Photography Tips, Tricks and Lessons | How to shoot into the sun

Sunset radials through the Prince of Wales train bridge in Ottawa, Ontario

Sunset radials through the Prince of Wales train bridge in Ottawa, Ontario

With spring now clearly upon us it’s time to pick-up our camera gear and get our photography back on track with some unencumbered fun in sun. Next to providing face-to-face photography lessons, over the coming weeks I will begin using my blog to provide you and yours with some pro photography tips and insights. I will try to cover as much ground as time will allow, and among other topics show you with pictures how to leverage our planet’s greatest light bulb and life force – the sun. Working with the sun is both a very important skill in photography and something incredibly fun as it’s quite dynamic.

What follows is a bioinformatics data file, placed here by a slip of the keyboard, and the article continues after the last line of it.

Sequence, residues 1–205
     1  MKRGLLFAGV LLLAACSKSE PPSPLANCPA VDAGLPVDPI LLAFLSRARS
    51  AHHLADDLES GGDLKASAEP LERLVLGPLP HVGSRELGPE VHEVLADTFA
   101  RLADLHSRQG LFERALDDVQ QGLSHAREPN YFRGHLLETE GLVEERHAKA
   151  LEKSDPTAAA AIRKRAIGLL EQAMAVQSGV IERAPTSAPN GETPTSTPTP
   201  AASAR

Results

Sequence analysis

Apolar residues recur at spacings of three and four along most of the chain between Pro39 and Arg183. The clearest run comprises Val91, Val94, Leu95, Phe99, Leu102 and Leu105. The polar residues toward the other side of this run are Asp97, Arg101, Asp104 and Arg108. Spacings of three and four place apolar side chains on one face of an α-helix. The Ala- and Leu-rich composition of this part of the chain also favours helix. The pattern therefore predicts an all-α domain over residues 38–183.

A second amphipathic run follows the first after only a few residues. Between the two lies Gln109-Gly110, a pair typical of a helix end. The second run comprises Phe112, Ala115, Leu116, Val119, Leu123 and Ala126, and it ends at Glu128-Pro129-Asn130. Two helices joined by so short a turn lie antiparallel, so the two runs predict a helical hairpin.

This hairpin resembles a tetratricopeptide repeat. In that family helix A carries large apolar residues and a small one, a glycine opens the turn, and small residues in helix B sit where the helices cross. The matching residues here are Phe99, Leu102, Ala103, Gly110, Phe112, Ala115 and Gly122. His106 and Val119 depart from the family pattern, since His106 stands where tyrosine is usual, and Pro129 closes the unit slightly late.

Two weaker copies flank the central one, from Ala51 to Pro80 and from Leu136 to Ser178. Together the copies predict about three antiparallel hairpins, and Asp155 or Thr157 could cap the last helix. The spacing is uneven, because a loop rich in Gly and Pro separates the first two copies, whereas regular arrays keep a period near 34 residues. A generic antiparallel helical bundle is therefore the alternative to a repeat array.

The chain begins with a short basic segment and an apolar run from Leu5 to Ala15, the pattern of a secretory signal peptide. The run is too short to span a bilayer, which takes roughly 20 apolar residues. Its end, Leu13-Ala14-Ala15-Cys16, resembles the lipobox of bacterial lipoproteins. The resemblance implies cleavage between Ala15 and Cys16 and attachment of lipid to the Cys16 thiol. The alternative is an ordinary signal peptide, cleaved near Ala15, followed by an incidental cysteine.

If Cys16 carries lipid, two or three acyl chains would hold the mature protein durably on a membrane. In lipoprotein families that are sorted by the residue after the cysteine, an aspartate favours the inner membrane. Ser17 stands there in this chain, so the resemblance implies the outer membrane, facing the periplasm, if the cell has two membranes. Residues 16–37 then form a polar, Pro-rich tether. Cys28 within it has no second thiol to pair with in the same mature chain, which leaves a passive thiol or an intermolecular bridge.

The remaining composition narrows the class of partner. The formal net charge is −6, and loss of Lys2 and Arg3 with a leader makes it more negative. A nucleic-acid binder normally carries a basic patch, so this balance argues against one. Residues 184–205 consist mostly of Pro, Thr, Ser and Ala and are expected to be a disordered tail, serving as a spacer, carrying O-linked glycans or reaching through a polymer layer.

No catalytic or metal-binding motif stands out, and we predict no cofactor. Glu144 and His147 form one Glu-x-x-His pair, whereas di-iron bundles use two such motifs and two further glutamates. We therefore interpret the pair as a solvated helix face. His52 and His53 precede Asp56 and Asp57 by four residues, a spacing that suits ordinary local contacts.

To capture this shots I lowered my ISO to 100 and raised my aperture to f/22 with a shutter speed clocking in at 1/30th of second or slower. Sounds a little counter intuitive to lower your shutter speed while photographing into the sun, but when working with these particular settings you can begin to experiment with the sun in such a way that you capture its radials (thanks to your lens blades), yet in a way that’s not overblown. If you do some google searches on the Internet about working in bright conditions you’ll likely come across the “sunny 16 rule”…which more or less says when photographing in very bright conditions raise your aperture to limit the amount of light entering into your lens. As with everything in photography, there’s no free lunch, so be mindful that doing so impacts other photographic relationships.

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